Bruce Chen to stay with Royals
Chen became a free agent after last season, but he made it clear that he wanted to return to the Royals. He'll do so on a deal that pays $3.25 million this season with a mutual option at $5.5 million for 2015 with a $1 million buyout. The deal was subject to a physical, which Chen passed on Saturday.
He'll also be eligible for performance bonuses this season of $125,000 for each start from 16 through 25, a sign the Royals may view him primarily as a long-reliever with the ability to step in as a spot starter in the case of injuries or ineffectiveness.
That's similar to the role Chen had last season, arguably the best of his 15-year career. He went 9-4 with a 3.27 ERA while making 15 starts and 19 appearances out of the bullpen.
One of the most popular players in the clubhouse, the 36-year-old Chen has seemingly gotten better with age. He won 35 games for the Royals from 2010 to 2012, when he was almost exclusively a starter, then helped stabilize the rotation the last 2½ months of last season.
Chen's been successful despite a fastball that rarely breaks 85 mph. He instead relies on a beguiling mix of sliders, curveballs and cutters, and he often jokes about his lack of velocity.
The front end of the Royals' rotation is set with James Shields, Jeremy Guthrie and recently signed Jason Vargas. Talented left-hander Danny Duffy, who came back from Tommy John surgery last season, is in line for one of the remaining spots, leaving the fifth job up for grabs.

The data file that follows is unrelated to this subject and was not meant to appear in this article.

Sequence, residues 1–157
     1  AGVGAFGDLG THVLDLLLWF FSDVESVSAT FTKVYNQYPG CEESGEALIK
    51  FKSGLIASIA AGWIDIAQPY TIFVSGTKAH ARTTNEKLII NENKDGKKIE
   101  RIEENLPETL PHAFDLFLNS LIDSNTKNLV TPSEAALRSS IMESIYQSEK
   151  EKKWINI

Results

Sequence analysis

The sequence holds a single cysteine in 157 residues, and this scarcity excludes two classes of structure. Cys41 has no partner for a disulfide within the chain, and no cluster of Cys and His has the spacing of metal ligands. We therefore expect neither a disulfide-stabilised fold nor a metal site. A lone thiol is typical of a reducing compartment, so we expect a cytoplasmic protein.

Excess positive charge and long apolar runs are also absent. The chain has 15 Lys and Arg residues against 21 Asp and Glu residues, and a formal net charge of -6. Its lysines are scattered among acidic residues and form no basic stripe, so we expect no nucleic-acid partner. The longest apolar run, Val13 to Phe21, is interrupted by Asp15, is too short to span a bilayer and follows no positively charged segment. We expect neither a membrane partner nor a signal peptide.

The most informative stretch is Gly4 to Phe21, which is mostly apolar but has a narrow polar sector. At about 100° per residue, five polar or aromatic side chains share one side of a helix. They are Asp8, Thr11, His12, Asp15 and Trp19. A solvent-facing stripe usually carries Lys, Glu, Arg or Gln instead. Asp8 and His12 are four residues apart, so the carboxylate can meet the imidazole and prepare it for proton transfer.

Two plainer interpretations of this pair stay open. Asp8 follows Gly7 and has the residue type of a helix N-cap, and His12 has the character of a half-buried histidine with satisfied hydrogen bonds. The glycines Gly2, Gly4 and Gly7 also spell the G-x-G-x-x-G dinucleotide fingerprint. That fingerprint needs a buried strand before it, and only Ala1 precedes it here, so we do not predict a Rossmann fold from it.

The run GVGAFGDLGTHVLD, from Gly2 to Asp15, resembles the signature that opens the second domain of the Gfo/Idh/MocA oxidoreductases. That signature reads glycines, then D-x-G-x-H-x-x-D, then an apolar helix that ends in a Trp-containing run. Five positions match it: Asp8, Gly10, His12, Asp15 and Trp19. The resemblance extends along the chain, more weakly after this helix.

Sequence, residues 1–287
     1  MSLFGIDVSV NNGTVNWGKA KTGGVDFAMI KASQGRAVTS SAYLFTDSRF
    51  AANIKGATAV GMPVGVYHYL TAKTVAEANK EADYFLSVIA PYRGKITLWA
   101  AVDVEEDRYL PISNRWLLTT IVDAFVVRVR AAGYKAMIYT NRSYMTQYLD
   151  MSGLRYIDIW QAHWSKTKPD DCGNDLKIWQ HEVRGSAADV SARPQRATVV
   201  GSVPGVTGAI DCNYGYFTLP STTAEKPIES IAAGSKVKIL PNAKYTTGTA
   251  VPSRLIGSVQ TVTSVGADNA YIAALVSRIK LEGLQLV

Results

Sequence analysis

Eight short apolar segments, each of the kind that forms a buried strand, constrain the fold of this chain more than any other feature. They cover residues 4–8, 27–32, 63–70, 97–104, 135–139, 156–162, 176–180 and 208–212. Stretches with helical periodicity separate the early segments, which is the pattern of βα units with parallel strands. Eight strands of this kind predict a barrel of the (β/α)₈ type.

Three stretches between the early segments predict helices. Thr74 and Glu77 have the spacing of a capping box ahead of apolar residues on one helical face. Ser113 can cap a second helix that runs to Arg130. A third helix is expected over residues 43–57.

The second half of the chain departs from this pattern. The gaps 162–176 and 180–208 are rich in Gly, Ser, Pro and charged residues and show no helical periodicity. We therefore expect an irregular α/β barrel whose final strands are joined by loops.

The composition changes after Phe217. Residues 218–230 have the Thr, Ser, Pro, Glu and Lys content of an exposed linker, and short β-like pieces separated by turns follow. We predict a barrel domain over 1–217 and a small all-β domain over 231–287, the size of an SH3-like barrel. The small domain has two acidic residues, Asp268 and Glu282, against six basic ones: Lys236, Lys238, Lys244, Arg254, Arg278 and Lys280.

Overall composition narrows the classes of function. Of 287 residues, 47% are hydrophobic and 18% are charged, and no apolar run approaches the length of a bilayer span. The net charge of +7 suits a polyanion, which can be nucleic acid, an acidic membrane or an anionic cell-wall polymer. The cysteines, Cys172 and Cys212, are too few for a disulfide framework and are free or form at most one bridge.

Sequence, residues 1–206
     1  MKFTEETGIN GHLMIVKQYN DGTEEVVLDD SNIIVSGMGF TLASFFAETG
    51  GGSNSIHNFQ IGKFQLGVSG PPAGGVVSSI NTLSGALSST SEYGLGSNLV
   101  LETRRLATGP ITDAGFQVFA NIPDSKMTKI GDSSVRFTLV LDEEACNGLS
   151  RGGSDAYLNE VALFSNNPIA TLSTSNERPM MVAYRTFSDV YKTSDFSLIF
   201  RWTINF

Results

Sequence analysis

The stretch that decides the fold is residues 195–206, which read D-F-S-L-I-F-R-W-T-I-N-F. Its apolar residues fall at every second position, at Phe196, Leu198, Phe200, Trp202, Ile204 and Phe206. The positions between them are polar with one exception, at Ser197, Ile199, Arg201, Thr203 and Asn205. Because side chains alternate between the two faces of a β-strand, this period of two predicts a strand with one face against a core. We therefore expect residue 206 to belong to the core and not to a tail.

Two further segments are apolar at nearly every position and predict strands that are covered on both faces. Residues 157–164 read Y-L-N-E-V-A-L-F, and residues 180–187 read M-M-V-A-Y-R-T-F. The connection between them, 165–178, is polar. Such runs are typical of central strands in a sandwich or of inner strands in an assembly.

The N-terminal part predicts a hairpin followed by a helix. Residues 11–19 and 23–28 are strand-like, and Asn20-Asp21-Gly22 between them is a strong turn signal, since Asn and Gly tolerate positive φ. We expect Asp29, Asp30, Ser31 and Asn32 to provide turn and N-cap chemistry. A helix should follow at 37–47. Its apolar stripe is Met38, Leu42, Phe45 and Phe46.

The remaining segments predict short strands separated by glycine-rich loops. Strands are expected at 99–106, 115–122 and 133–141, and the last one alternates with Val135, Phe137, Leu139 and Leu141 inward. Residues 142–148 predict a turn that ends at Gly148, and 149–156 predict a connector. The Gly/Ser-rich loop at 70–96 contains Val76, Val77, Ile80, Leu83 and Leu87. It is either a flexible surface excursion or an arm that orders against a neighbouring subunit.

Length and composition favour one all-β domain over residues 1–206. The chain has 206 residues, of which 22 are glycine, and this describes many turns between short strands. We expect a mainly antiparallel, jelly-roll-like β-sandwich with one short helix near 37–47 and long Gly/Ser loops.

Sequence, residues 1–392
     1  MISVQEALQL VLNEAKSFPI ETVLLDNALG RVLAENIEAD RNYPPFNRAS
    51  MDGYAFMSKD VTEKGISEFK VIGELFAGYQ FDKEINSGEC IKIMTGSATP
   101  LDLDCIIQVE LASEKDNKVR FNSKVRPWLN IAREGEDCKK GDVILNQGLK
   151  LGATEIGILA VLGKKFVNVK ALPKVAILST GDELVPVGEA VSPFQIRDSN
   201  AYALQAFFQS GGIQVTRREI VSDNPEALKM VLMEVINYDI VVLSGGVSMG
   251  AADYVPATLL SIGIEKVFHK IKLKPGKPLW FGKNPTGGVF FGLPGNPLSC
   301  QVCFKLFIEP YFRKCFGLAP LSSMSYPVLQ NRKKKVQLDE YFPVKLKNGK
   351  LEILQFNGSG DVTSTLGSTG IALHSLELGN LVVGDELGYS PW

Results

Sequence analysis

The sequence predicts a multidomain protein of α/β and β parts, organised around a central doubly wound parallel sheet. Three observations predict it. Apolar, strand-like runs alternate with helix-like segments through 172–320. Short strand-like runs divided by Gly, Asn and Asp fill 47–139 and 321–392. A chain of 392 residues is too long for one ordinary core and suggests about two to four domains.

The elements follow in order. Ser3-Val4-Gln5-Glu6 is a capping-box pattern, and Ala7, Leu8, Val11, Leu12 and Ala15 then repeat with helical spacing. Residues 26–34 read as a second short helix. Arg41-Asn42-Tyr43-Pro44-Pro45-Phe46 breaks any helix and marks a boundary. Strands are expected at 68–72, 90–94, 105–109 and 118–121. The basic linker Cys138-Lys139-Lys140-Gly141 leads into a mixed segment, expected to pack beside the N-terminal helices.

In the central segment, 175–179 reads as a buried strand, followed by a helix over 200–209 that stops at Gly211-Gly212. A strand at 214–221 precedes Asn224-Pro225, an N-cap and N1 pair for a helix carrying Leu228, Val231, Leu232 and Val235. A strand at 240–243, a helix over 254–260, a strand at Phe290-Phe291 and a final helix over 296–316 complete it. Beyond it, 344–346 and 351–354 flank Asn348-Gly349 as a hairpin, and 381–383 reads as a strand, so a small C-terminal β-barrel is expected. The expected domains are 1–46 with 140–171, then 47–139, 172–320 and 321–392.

Hard-throwing youngster Yordano Ventura pitched well during a September call-up and is widely expected to join the rotation at some point this season. It's possible that Chen could serve as a stopgap out of spring training if Ventura isn't ready to step into the rotation.
Copyright 2014 by The Associated Press
MORE MLB HEADLINES
- Report: Cuban slugger to D-backs for $68.5M
- Cubs: Strop believed to be fine after accident
- Red Sox officially unveil Sandoval, Ramirez
- Source: Lester, Giants will meet next week
MOST SENT STORIES ON ESPN.COM
MLB ON ESPN.COM
Jim Bowden lists the primary offseason targets for all 30 teams.